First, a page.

There Once Lived a Mother Who Loved Her Children, Until They Moved Back in

There Once Lived a Mother Who Loved Her Children, Until They Moved Back in : Three Novellas about Family

3.57 (376 ratings by Goodreads)
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From the author of the prizewinning memoir about growing up in Stalinist Russia, The Girl from the Metropol Hotel, the masterly novellas that established her as one of the greatest living Russian writers--including a new translation of the modern classic The Time Is Night "Love them, - they'll torture you; don't love them, -they'll leave you anyway." After her work was suppressed for many years, Ludmilla Petrushevskaya won wide recognition for capturing the experiences of everyday Russians with profound pathos and mordant wit. Among her most famous and controversial works, these three novellas--The Time Is Night, Chocolates with Liqueur (inspired by Edgar Allan Poe's "The Cask of Amontillado"), and Among Friends--are modern classics that breathe new life into Tolstoy's famous dictum, "All happy families are alike; every unhappy family is unhappy in its own way." Together they confirm the genius of an author with a gift for turning adversity into more

Product details

  • Paperback | 181 pages
  • 127 x 190.5 x 20.32mm | 204.12g
  • Penguin Books
  • United States
  • English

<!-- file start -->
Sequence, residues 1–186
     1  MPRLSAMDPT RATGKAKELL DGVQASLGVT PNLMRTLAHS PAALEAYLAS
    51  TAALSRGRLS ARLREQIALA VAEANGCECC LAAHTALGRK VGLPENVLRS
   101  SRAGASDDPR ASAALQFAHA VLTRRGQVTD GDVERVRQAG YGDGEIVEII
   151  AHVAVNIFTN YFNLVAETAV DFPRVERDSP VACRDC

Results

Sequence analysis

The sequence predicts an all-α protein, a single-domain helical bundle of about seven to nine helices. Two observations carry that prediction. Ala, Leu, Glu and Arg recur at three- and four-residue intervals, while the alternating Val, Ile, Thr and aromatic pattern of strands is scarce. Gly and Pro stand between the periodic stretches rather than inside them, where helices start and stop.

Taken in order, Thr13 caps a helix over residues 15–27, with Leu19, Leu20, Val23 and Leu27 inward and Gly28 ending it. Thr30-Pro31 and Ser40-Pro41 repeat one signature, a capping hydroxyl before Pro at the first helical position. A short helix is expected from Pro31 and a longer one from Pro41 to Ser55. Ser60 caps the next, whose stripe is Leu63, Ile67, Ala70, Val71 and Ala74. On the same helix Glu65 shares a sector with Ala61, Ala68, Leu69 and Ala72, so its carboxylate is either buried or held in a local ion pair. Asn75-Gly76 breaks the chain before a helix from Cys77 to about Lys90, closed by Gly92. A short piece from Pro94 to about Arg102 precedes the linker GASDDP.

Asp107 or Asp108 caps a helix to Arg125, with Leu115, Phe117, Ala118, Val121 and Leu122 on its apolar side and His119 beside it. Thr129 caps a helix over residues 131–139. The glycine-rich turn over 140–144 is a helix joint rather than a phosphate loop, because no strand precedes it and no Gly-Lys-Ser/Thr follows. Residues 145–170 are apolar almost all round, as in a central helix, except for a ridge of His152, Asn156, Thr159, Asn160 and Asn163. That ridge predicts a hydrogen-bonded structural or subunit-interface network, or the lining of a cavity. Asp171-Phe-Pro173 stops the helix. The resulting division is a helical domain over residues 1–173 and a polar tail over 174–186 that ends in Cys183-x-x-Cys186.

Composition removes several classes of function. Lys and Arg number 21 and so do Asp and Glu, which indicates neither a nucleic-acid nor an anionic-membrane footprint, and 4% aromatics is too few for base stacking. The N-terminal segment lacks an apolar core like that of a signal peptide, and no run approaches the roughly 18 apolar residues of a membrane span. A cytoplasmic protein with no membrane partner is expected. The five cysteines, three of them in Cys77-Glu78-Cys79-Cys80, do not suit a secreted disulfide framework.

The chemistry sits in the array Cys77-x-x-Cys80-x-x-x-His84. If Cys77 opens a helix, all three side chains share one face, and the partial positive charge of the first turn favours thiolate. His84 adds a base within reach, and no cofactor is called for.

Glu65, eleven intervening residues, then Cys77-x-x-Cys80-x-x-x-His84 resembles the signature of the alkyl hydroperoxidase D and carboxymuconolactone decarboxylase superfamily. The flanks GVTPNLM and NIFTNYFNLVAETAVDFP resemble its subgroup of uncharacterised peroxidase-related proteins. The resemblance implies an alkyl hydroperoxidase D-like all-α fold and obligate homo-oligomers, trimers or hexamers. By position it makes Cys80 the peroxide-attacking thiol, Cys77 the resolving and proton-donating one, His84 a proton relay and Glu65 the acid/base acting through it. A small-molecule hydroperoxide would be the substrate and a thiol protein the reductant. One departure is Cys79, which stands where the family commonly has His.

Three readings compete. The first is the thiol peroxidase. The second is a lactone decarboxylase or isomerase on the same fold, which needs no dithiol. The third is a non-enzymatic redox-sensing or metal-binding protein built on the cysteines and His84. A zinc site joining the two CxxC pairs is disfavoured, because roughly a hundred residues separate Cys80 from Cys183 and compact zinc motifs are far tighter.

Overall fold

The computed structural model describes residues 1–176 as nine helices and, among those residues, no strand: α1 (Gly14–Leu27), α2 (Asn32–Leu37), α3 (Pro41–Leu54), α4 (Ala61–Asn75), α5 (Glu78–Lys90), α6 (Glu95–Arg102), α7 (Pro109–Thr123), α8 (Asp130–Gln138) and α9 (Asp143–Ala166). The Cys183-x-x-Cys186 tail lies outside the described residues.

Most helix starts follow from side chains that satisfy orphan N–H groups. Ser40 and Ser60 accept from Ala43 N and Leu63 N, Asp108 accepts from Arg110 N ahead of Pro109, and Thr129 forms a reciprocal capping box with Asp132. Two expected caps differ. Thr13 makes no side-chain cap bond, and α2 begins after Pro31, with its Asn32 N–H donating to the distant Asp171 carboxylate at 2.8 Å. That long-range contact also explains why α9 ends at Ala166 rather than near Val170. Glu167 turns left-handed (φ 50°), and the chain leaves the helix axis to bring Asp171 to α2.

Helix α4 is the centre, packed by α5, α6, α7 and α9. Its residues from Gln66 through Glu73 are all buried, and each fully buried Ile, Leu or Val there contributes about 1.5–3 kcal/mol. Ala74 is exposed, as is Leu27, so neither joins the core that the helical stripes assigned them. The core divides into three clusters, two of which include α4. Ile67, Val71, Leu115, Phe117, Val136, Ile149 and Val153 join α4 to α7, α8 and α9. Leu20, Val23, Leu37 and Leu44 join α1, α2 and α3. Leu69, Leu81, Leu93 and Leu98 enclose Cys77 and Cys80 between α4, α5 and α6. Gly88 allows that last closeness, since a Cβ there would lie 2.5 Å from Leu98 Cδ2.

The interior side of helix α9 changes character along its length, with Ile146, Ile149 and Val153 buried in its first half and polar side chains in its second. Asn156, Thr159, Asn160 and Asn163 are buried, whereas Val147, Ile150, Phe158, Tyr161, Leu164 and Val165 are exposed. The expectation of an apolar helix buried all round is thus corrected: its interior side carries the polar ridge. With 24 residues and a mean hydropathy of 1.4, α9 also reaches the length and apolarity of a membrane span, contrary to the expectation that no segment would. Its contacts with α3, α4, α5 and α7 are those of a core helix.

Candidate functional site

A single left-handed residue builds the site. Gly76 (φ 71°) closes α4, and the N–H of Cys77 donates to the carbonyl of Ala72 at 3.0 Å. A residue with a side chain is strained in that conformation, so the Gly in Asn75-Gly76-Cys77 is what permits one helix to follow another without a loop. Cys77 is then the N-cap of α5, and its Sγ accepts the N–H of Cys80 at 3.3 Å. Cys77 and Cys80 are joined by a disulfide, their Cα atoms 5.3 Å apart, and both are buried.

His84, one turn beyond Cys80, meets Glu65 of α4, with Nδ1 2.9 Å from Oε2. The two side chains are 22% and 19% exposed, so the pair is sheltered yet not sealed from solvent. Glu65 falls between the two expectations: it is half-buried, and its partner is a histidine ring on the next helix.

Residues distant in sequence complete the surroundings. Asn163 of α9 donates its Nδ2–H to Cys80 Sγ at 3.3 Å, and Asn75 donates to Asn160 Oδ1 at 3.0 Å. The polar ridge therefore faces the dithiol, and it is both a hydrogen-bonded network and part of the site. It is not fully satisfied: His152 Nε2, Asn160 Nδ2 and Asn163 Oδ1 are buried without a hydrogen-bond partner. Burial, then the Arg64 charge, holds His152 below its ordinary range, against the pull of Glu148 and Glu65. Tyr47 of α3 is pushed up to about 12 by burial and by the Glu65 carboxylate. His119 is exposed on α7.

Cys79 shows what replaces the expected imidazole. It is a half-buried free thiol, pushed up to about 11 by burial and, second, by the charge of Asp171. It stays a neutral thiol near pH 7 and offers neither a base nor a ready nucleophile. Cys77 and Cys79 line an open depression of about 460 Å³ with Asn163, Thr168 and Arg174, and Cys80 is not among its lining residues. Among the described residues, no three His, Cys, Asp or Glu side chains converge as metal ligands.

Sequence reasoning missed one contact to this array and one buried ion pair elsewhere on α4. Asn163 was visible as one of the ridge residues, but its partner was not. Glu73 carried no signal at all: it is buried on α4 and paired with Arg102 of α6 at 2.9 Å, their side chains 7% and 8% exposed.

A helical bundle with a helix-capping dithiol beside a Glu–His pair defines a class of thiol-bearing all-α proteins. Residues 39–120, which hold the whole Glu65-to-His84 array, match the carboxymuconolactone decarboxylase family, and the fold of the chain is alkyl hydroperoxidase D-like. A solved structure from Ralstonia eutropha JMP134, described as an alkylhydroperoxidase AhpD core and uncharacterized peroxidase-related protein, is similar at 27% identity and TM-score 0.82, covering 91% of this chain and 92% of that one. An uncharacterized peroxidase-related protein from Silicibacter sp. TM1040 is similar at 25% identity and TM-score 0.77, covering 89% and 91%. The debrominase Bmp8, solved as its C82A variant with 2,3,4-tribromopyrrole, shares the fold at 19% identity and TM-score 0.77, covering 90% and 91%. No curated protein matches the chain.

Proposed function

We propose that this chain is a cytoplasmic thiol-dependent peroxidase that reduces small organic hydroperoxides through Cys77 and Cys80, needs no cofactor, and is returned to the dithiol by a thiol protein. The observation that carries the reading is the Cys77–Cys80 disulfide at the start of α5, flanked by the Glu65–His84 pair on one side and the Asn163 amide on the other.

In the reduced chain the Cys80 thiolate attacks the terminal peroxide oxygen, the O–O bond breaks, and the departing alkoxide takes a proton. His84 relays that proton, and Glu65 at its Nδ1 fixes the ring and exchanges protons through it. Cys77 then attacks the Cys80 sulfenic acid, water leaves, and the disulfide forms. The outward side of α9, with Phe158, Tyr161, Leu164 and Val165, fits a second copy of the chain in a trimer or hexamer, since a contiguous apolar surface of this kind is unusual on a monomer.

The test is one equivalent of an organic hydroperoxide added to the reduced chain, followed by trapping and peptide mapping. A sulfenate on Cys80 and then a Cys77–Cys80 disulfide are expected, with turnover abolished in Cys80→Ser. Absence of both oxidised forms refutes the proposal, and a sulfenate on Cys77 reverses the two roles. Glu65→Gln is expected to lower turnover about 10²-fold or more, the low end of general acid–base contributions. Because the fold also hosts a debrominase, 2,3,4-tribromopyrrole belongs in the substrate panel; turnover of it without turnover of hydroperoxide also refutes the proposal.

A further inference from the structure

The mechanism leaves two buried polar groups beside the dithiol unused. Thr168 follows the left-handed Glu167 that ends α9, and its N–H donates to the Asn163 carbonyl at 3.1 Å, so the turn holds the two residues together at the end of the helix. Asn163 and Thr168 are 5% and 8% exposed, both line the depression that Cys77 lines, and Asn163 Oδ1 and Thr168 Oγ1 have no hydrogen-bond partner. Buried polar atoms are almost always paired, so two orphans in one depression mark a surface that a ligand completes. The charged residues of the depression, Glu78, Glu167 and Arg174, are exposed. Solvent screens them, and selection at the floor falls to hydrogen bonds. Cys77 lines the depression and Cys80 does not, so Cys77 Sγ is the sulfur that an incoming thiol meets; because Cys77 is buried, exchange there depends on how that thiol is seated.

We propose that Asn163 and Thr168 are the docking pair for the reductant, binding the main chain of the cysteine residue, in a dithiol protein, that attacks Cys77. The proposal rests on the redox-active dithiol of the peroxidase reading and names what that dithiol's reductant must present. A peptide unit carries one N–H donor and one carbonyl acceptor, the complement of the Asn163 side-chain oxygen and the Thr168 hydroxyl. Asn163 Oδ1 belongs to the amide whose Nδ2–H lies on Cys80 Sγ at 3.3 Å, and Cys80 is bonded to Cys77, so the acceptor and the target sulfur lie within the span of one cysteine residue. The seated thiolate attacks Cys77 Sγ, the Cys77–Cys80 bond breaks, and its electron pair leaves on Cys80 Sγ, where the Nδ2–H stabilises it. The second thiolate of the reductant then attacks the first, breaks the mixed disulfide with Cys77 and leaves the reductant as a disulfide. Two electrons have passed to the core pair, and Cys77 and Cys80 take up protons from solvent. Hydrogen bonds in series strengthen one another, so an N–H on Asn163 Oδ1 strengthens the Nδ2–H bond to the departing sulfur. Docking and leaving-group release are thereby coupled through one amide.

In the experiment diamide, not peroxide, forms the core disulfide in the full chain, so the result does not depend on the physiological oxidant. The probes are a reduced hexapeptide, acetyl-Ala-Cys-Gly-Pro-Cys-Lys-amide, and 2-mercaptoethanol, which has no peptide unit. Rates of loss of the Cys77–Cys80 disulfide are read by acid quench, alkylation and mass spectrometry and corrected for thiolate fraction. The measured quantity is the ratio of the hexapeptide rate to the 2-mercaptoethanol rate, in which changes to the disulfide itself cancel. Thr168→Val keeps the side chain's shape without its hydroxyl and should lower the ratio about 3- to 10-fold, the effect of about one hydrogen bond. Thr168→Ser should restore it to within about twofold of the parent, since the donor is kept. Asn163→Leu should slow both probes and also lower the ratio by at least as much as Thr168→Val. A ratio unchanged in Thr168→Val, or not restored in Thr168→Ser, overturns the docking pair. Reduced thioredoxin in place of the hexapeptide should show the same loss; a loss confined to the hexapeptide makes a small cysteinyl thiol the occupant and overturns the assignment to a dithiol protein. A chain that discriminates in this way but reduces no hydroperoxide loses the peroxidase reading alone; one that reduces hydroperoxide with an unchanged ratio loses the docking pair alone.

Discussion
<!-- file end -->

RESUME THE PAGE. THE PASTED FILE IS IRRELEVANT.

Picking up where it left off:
• Reprint
  • 0143121669
  • 9780143121664
  • 611,742

Review quote

"Infernal, haunting monologues . . . [A] gimlet-eyed appraisal of humanity . . . Bewitching." --"Kirkus Reviews" "In her best work Petrushevskaya steers a sure course between neutrally recording the degraded life of the Soviet-era urban underclass and ratcheting up the squalor of that life for the mere pleasure of it. She does so by the steadiness of her moral compass and the gaiety of her prose." --J. M. Coetzee, winner of the Nobel Prize in Literature "We are likely to hear a lot more of this woman. Some October, perhaps, from the Nobel Prize committee." --"The Nation" "This celebrated Russian author is so disquieting that long after Solzhenitsyn had been published in the Soviet Union, her fiction was banned--even though nothing about it screams 'political' or 'dissident' or anything else. It just screams." --"Elle" "Petrushevskaya writes instant classics." --"The Daily Beast" "One of Russia's best living writers . . . Her tales inhabit a borderline between this world and the next." --"The New York Times Book Review"show more

About Ludmilla Petrushevskaya

Ludmilla Petrushevskaya was born in 1938 in Moscow, where she still lives. She is the author of more than fifteen volumes of prose, including the New York Times bestseller There Once Lived a Woman Who Tried to Kill Her Neighbor's Baby: Scary Fairy Tales, which won a World Fantasy Award and was one of New York magazine's Ten Best Books of the Year and one of NPR's Five Best Works of Foreign Fiction; There Once Lived a Girl Who Seduced Her Sister's Husband, and He Hanged Himself: Love Stories; and a prizewinning memoir, The Girl from the Metropol Hotel. A singular force in modern Russian fiction, she is also a playwright whose work has been staged by leading theater companies all over the world. In 2002 she received Russia's most prestigious prize, The Triumph, for lifetime more

Rating details

376 ratings
3.57 out of 5 stars
5 19% (71)
4 39% (145)
3 29% (110)
2 8% (30)
1 5% (20)
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